paid giant fees by Bernie.  They were getting giant fees from Bernie Madoff

to keep shoveling money to him without asking questions. 

MARKOPOLOS:  Everybody got paid a lot of money.  He paid over 90 percent of

the total fees in the scheme to the people that weren‘t asking questions of

those feeder funds. 

MADDOW:  Yes.  And the people who were asking questions like you got

ignored.  You sort of tried unsuccessfully to be the Madoff whistleblower

in time.  What you‘ve ended up being is the SEC whistleblower, right? 

I mean, you are exposing how badly we need good regulators on Wall

Street, what a joke it is to have self-regulation but also how lame our

current regulators are.  How seriously do you feel like those concerns are

being taken now? 

MARKOPOLOS:  None.  No one has been fired at any of the banking regulators

for ignoring the banking crisis before it was happening, before it

unfolded.  The SEC?  No one has been held accountable.  No one has been

fired.  People only get promoted at these agencies and that‘s the tragedy. 

MADDOW:  Are we doing anything any better now than we were when you were

being ignored by the SEC for eight years? 

MARKOPOLOS:  Yes.  The SEC is turning itself around as quickly as they can. 

I mean, it‘s reorganized itself.  It‘s taking Ponzi schemes seriously. 

They moved them up to the top of the priority list from the bottom. 

They are going after Ponzi schemes aggressively.  They are sending

people for training but they have the wrong staff.  They have way too many

lawyers.  They don‘t have enough people that understand finance. 

MADDOW:  You‘re a quantitative guy.  You‘re a guy who is a math guy, a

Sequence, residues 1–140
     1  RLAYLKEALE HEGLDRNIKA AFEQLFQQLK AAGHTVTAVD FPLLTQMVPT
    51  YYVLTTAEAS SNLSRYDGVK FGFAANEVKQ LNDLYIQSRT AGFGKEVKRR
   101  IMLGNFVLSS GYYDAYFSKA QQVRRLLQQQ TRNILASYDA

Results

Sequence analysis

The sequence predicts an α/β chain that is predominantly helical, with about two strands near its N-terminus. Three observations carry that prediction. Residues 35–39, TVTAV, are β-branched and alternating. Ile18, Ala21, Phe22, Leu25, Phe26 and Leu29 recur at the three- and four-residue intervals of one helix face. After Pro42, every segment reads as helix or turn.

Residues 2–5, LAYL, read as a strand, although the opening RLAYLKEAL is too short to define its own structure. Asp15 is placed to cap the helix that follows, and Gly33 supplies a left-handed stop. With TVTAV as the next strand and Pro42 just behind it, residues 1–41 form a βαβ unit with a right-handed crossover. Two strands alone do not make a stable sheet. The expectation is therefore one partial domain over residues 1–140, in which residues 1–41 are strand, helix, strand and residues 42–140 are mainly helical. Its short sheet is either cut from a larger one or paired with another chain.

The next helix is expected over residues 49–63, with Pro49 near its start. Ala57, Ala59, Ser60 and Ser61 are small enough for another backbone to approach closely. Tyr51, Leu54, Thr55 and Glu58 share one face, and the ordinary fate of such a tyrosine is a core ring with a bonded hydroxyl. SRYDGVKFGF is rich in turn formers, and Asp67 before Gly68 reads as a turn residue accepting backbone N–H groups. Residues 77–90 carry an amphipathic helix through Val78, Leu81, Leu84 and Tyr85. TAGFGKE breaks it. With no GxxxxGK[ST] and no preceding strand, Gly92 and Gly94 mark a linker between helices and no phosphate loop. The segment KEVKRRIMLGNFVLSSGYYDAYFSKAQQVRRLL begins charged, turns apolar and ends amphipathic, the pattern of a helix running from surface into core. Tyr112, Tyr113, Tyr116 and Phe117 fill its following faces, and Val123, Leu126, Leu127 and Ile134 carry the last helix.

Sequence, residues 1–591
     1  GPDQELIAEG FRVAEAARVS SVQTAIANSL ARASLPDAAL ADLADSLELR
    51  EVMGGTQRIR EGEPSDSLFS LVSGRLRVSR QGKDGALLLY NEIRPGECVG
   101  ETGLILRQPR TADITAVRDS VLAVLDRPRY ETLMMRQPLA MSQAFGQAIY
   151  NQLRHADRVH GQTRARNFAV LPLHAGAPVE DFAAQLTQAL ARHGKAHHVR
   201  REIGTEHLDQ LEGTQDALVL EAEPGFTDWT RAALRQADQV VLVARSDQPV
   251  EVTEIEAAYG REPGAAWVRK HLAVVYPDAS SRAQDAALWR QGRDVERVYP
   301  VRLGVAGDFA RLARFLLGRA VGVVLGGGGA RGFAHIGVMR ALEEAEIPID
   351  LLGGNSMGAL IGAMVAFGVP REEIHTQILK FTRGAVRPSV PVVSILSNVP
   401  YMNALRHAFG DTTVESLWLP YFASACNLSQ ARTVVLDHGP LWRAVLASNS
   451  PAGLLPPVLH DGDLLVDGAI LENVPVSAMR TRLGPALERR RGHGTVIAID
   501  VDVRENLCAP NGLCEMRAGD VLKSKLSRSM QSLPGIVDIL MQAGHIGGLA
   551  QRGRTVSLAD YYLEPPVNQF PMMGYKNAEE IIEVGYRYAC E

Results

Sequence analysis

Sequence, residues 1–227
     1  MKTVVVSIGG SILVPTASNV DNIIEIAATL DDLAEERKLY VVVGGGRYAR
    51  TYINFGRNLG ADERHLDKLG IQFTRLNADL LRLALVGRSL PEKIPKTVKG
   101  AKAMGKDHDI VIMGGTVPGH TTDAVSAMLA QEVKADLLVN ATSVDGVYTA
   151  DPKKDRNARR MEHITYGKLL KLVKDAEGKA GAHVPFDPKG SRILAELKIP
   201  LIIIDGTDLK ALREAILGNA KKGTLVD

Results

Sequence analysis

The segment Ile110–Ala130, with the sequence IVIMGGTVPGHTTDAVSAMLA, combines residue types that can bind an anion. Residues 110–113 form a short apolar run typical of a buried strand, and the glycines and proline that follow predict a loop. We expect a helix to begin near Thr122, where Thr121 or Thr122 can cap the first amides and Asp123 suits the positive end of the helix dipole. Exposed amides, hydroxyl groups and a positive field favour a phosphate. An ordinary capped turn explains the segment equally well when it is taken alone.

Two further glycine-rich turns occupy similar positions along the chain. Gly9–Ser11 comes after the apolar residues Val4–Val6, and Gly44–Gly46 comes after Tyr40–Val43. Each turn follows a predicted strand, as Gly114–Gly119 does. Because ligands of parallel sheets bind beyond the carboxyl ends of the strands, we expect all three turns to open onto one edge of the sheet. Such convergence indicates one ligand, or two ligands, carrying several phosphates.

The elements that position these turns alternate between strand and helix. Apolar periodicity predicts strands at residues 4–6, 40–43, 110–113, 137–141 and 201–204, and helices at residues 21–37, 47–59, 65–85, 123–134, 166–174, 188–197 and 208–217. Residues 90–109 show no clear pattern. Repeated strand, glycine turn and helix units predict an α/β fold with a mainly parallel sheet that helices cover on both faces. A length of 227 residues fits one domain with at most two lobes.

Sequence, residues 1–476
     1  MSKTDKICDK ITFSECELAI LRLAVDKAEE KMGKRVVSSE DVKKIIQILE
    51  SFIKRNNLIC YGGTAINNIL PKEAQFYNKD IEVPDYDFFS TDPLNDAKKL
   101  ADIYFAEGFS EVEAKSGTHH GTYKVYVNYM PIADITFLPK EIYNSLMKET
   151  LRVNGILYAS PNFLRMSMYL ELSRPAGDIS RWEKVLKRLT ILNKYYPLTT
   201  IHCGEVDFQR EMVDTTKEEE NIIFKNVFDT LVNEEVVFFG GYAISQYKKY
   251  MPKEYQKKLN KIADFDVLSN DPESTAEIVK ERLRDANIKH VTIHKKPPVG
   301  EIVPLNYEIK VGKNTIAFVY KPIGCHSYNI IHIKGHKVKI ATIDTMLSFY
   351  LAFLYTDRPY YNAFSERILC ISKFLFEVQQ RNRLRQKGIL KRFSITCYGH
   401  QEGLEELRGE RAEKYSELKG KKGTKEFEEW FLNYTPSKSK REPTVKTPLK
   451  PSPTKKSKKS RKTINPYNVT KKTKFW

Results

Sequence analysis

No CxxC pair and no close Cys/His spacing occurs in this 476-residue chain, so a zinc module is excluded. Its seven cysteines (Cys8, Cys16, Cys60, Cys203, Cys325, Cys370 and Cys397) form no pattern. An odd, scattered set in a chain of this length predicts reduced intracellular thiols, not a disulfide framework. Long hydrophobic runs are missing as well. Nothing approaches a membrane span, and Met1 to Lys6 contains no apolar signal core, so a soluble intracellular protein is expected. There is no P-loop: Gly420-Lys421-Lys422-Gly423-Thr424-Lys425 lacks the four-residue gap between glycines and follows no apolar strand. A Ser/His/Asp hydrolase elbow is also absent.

numbers guy.  Those folks are not generally involved in the regulatory

agencies now.  Is that what you‘re saying?  

MARKOPOLOS:  But they need to be.  They need to be brought onboard.  They

need to be compensated correctly, and they need to be incentivized. 

MADDOW:  You are a full-time fraud investigator now?

MARKOPOLOS:  Full-time. 

MADDOW:  It doesn‘t - one of the things that‘s interesting about your

personal story here is doing that doesn‘t work as a career unless there are

cops who you can turn in the robbers to.  Right? 

It‘s one thing to expose the fraud and put together the case but if

nobody responds once you bring it to the authorities‘ attention, you‘re not

getting anywhere as a fraud investigator. 

Have you ever thought about, instead of doing what you‘re doing, going

to work for the government to show them how it‘s done? 

MARKOPOLOS:  I do indirectly.  I do give my cases to the state attorney

generals who act on them.  Jerry Brown has one of my cases.  His pension

fund in California - tens of millions of his pensioners have been defrauded

by a bank, State Street, in a foreign currency fraud, and I turned that one

in.  He is acting on it. 

I‘m hoping other people will act similarly.  Tens of billions in

pension assets are being stolen.  I think the states do act.  The federal

government, the SEC needs to wake up, smell the coffee. 

MADDOW:  The book will probably help at least if it does its job.  Harry

Markopolos, thank you for everything you tried to do and for what you‘re

still trying to do.  And thanks for making time to talk to us.  I

appreciate it. 

MARKOPOLOS:  Great being here.  Thank you. 

MADDOW:  Good luck.  Thank you.  OK.  What would you call a senator giving

a one finger salute to a reporter shortly after voting against extending

unemployment benefits?  I would call it something like painfully apt

symbolism.  You can decide for yourself.  That story and the video, next. 

Please stick around.


MADDOW:  We have a super cool “Moment of Geek” for you tonight, everything